The target-based NHS contract in England and Wales was unfit for purpose before COVID-19 hit, but has proved utterly incompatible now with the Government’s wider policy response. The same has been observed of the Item of Service models in Northern Ireland and Scotland.


In England, the low remuneration for time consuming urgent care (1.2 UDAs) relative to a quick routine check-up (1 UDA) now means, any move to re-impose this failing system would force dentists to deprioritise those most in need to meet arbitrary targets to avoid steep financial penalties.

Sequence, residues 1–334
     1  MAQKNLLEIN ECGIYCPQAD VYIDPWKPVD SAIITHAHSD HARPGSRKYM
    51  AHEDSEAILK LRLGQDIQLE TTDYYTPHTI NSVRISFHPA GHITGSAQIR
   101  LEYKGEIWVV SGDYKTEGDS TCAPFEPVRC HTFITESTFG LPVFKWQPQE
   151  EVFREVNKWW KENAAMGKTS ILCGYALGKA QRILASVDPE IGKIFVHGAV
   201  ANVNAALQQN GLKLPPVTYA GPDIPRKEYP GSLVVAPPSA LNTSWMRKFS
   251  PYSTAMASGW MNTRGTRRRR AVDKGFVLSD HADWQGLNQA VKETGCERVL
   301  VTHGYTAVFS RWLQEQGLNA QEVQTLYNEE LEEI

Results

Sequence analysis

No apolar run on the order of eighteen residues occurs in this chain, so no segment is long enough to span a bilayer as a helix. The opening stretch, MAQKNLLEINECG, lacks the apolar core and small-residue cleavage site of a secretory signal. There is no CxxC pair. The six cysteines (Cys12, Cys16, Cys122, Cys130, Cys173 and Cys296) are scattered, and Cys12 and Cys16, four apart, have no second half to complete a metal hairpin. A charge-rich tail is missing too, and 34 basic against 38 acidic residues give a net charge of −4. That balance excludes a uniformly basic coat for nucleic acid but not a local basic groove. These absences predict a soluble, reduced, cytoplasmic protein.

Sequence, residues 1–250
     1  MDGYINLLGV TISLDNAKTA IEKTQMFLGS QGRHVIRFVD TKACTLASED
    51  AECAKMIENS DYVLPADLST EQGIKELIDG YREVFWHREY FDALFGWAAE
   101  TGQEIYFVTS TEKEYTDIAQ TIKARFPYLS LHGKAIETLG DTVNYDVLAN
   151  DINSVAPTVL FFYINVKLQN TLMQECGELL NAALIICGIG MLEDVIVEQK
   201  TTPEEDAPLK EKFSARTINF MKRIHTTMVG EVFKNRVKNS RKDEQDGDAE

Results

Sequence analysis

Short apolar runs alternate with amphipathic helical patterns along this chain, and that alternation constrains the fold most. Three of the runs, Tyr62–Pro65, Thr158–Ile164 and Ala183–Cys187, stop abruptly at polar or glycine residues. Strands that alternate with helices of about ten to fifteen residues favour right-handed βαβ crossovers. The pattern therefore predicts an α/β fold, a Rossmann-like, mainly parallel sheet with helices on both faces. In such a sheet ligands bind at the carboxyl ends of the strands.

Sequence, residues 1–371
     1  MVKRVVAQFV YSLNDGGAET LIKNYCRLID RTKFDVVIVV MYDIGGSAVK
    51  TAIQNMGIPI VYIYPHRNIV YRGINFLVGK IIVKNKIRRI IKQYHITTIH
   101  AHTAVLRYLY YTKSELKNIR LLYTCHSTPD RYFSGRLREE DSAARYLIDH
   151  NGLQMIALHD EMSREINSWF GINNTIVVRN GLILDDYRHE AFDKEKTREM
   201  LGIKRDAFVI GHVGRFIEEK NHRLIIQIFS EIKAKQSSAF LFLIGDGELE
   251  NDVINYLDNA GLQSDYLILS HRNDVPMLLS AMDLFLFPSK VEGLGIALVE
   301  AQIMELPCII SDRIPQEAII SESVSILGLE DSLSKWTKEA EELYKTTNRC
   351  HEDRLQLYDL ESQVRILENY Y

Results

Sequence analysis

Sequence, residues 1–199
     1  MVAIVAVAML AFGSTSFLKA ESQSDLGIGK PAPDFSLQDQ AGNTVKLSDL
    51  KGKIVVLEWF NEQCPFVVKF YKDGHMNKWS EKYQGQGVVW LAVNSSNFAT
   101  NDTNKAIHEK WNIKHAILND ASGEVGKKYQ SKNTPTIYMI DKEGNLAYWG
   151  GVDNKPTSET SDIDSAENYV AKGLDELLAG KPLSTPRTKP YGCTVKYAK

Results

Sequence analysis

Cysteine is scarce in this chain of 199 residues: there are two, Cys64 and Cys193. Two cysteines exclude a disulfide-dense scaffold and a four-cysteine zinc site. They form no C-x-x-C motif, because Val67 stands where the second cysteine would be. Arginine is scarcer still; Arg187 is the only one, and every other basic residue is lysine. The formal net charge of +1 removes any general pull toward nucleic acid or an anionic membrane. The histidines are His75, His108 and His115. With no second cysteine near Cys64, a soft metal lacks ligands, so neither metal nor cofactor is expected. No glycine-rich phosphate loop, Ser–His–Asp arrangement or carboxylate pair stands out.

Future proofing these vital services requires an urgent move towards a reformed system.


5. Don’t leave IT on the back burner

I’m proud of how colleagues adapted to the brave new world of remote triage. But they weren’t done any favours by the lamentable IT systems most of us are working to.

Remote consultations and triaging will clearly form part of the response to any future pandemic.

However, the long-term failure to ensure effective digital integration among NHS providers has been plain. Dentists’ inability to access electronic prescribing and summary care records has significantly reduced time available for direct patient care.


We’ve asked Government not to wait on the next calamity to provide an appropriate, integrated digital infrastructure for dentistry.


6.  Keep dentists in the loop

We’ve read elegant slogans draped on Downing Street lecterns, but colleagues have lamented the lack of communication as far as this profession is concerned.